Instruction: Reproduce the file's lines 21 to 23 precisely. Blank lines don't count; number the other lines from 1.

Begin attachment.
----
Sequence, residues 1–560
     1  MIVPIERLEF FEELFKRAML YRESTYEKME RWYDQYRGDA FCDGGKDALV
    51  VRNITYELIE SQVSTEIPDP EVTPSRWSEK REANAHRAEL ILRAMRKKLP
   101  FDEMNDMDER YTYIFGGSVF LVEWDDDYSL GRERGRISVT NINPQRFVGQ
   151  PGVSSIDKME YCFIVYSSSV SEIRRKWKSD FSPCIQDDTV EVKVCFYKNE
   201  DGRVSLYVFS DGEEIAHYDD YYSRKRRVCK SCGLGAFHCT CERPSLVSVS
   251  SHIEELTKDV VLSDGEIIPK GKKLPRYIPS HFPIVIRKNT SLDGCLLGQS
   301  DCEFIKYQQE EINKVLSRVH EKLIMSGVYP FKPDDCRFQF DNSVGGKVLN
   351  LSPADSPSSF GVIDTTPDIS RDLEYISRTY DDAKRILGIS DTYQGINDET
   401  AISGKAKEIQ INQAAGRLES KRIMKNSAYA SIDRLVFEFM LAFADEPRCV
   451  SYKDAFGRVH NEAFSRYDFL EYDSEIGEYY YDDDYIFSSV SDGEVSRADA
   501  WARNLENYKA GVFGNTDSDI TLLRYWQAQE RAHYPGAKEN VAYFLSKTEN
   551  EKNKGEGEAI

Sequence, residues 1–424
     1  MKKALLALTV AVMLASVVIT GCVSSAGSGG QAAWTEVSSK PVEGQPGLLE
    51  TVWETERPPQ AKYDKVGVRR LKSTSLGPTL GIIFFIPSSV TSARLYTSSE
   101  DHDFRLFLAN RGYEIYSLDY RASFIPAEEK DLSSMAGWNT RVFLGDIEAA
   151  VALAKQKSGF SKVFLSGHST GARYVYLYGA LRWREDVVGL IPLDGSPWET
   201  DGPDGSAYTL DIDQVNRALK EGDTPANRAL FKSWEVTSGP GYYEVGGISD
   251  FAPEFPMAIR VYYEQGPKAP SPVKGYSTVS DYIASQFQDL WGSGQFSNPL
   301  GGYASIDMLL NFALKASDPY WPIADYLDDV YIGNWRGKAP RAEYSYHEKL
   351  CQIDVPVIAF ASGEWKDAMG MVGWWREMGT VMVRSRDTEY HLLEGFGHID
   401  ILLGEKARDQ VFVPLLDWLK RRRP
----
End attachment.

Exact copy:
   301  GGYASIDMLL NFALKASDPY WPIADYLDDV YIGNWRGKAP RAEYSYHEKL
   351  CQIDVPVIAF ASGEWKDAMG MVGWWREMGT VMVRSRDTEY HLLEGFGHID
   401  ILLGEKARDQ VFVPLLDWLK RRRP